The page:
A conversation today with a colleague who has been struggling to interpret her client’s enigmatic feedback prompts me to write this post…
The copy is on your desk, ready for you to review. What’s the best way to feed back to your writer? Here are some tips:
- Do acknowledge receipt and be prompt with your feedback. If you let the copy disappear into a black hole, it will be harder for the copywriter to pick it up again. Keep them posted if there’s a delay.
- Do be specific. If you say, “It needs more about x”, without giving any details about ‘x’, the copywriter won’t know where to start.
- Do make changes visible – preferably by using Word tracking – so the copywriter doesn’t have to hunt for your changes in order to check they flow into the copy. Incidentally, marking up changes in the text is better than having lots of ‘comments’ boxes in the margin.
- Don’t expect your copywriter to discuss every little change with you. It will be the most efficient use of the copywriter’s time – and your budget – if you mark up the changes in the text and leave any discussion for significant issues or new content.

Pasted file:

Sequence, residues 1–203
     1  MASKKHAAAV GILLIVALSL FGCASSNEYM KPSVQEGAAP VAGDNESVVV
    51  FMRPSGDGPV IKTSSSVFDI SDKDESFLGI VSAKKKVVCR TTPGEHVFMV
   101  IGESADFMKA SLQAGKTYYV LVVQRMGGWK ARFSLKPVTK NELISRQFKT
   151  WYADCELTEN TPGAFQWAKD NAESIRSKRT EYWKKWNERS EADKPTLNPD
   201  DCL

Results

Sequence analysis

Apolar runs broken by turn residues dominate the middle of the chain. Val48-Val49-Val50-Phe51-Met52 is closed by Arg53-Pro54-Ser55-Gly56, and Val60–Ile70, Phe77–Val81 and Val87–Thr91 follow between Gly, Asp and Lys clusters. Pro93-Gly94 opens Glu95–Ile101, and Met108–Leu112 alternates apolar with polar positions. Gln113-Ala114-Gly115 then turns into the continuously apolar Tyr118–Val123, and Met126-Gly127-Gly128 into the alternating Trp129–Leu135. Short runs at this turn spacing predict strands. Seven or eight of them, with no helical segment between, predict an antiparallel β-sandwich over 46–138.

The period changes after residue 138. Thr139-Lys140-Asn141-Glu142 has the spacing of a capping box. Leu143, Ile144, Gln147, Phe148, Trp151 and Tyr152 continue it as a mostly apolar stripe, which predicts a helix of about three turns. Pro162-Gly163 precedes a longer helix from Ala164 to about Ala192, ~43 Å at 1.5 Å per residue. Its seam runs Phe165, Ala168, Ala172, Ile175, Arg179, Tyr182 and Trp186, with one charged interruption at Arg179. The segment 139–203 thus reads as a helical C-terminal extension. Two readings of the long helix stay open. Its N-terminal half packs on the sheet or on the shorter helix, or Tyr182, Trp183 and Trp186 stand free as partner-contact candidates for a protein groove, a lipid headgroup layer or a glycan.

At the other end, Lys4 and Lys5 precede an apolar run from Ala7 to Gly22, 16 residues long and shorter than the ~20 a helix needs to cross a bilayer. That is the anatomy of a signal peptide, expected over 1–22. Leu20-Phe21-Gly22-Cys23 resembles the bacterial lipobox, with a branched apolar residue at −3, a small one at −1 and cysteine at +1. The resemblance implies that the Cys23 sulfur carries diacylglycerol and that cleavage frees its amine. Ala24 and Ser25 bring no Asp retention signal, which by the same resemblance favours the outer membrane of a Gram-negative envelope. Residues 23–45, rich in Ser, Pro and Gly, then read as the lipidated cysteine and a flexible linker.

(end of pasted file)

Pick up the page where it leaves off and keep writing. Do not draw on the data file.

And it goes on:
- Don’t make vague observations. Your copywriter isn’t a mind reader! “It needs more passion” isn’t a clear steer.
- Don’t send back multiple versions from different people. If several contributors need to review, circulate the document and get them to mark up their feedback on a single version. Otherwise, the poor copywriter has to try to reconcile possibly conflicting feedback.
I’m pleased to report that my own clients give me very focused, timely feedback. It helps me to help them!